Hydroxyl radical generation by an extracellular low-molecular-weight substance and phenol oxidase activity during wood degradation by the white-rot basidiomycete Trametes versicolor.

Tanaka H, Itakura S, Enoki A.

Department of Agricultural Chemistry, Faculty of Agriculture, Kinki University, 3327-204 Nakamachi, Nara, Japan


One-electron oxidation activity, as measured by ethylene generation from 2-keto-4-thiomethylbutyric acid, phenol oxidase activity, and the generation of hydroxyl radical were examined in cultures of the lignin-degrading white-rot basidiomycete fungus, Trametes (Coriolus) versicolor. The activity levels of specific lignin-degrading enzymes and cellulases, as well as the rate of wood degradation, also were examined. The fungus secreted a low-molecular-weight substance (M(r) 1000-5000) that catalyzed a redox reaction between molecular oxygen and an electron donor, to produce the hydroxyl radical via hydrogen peroxide. During wood decay, T. versicolor also produced significant amounts of laccase and lignin peroxidase, carboxymethyl cellulase, and Avicelase. The roles of the hydroxyl radical, phenol oxidases, and cellulases in wood degradation by white-rot fungi are discussed. That the hydroxyl radical produced by the low-molecular-weight substance secreted by T. versicolor results in new phenolic substructures on the lignin polymer, making it susceptible to attack by laccase or manganese peroxidase is suggested.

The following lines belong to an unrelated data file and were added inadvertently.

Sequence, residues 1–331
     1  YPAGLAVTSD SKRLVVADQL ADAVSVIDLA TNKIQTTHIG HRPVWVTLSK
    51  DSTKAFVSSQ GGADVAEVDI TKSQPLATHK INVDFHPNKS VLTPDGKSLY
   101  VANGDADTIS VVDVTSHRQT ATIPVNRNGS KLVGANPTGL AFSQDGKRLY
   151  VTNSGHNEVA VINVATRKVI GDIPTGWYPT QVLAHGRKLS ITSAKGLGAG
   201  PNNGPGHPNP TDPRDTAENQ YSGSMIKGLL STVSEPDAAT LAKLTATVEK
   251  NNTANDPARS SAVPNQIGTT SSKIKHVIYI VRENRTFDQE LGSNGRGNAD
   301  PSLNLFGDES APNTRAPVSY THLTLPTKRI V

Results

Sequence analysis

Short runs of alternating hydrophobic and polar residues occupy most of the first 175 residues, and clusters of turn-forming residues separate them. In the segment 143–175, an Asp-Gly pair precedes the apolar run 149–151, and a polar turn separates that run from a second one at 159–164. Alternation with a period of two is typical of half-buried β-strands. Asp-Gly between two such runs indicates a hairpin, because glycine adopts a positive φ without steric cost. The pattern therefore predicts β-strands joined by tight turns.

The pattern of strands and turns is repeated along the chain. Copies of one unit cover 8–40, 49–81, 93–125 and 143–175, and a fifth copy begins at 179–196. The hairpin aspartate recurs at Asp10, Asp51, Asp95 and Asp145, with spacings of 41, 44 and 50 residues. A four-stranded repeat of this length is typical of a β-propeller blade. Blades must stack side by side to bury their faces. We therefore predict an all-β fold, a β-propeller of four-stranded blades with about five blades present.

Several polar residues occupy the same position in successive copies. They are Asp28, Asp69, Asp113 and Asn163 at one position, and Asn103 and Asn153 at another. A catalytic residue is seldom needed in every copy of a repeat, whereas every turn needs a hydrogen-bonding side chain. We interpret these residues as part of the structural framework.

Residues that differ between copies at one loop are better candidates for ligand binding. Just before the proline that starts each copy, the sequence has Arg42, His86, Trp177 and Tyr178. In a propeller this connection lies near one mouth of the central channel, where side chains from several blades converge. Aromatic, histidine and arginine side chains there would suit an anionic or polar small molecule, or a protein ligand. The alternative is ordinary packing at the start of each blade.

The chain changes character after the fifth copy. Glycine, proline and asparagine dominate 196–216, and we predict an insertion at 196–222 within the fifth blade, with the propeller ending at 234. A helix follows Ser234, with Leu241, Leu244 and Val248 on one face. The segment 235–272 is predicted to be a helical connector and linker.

PMID: 10704993 [PubMed – as supplied by publisher]